If unsold bonds are "inventory" to the underwriters, it's unlikely to be considered a desirable holding on their own balance sheets. Particularly given the recent emphasis on maintaining cash liquidity during a credit crunch.

Given the unlikely possibility that ratepayers decide to live without water/sewer services, it appears that vacant homes are the primary risk to revenue bonds (or bad billing/collections management).

I'd rather have Portland ratepayers as a debtor than the U.S. Government or State of California.

As long as AV keeps rising on existing properties in the UR, there is TIF. The bond buyers know that, and are probably counting on that alone as the cash-flow stream for repayment of the bonds.

If the earthquake comes, that may not be such a good bet.

I am breathing as in sleep with a rough hoarse noise due to vibration of the soft palate.

This is like watching a fan dance.

Yes as Frank said all property assessed value and taxes go up every year.

Most residential property is automatically increased 3% as that is the maximum allowed. Commercial property similarly.
Add in new construction, renovation and other typical changes and the average property tax increases for the region is 5% per year. That's without any Urban Renewal TIF schemes.

The TIF scam tells the public the said project or plan is a pay as your grow & pay for itself funding method.
It's a bald faced lie. Pick any district. With SoWa the plan calls for 130 acres of new development over 20 years. But the SoWa (North Macadam) UR TIF district consists of 409 acres. Meaning every regular yearly property tax increase for all 409 acres, since 1998, goes not to basic services but to pay for the big plan. With this particular UR plan running wildly over budget it will likely be 35 or more years before the mounting debt is paid and the property taxes return to the basic services long starved by this scheme.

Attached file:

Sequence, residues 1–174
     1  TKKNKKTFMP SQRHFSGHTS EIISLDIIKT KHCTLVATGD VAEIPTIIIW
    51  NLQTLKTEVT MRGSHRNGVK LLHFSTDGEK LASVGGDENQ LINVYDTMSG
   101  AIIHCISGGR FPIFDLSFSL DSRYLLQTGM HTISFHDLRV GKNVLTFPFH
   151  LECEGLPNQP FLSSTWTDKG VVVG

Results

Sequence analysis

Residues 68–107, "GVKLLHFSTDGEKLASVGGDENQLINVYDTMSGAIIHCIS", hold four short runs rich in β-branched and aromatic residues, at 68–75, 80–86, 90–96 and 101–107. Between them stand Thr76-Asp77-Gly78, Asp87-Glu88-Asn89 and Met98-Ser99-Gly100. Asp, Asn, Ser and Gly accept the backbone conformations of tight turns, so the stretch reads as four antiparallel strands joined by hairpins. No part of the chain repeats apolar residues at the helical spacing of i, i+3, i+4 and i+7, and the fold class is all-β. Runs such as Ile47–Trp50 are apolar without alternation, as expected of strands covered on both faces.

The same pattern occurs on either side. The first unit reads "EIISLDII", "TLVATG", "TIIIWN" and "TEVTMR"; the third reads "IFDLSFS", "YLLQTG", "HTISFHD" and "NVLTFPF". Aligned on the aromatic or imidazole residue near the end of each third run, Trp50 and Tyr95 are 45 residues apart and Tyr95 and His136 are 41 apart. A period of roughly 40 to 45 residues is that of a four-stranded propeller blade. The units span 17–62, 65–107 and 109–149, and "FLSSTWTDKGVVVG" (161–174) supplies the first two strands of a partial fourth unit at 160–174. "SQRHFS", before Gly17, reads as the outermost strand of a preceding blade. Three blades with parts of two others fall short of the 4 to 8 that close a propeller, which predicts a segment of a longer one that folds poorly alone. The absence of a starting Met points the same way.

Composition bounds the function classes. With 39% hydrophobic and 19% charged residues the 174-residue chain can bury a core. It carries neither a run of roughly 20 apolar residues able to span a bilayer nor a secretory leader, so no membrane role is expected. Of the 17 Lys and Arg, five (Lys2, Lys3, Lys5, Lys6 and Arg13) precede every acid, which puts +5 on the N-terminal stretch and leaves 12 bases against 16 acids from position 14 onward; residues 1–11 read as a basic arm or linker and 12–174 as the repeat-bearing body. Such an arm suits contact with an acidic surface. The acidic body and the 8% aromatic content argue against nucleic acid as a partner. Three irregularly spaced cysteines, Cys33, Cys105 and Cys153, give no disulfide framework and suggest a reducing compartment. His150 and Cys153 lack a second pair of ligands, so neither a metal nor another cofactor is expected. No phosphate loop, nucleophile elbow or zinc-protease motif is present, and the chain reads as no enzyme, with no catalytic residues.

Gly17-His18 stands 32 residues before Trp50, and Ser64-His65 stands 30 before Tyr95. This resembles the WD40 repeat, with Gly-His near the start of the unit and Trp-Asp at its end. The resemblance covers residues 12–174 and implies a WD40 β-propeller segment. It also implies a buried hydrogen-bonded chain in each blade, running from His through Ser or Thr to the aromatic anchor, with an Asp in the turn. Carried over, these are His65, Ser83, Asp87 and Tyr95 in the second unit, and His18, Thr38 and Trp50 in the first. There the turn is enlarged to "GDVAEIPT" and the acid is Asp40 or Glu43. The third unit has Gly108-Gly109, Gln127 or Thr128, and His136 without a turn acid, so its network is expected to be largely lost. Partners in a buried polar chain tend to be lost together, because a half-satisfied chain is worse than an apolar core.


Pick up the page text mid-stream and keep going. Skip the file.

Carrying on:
Now multiply this out to cover the 12,000 acres of UR districts city wide and the problem is severe. Then realize the expansion and increase in TIF debt spending increases faster than any portions return to the taxing jurisdictions and you'll know that TIF is debt servicing in perpetuity.

Every elected official in sight has contributed to the public deceit this funding mechanism thrives upon.

Districts are regularily extended in size, expanded in time and borrowing capacitites are re-calculated higher to allow more debt spending.

New UR development does not returm new taxes that never would have happened without the public subsidies. Theres just more spending and grwoing debt to be serviced by property taxes.

It's important for people to understand the realities of TIF and know the official stories misinformation.

Thanks to my job at Portland Public Schools, I've gotten a recent education in urban renewal financing as they consult with local jurisdictions affected by tax increment financing.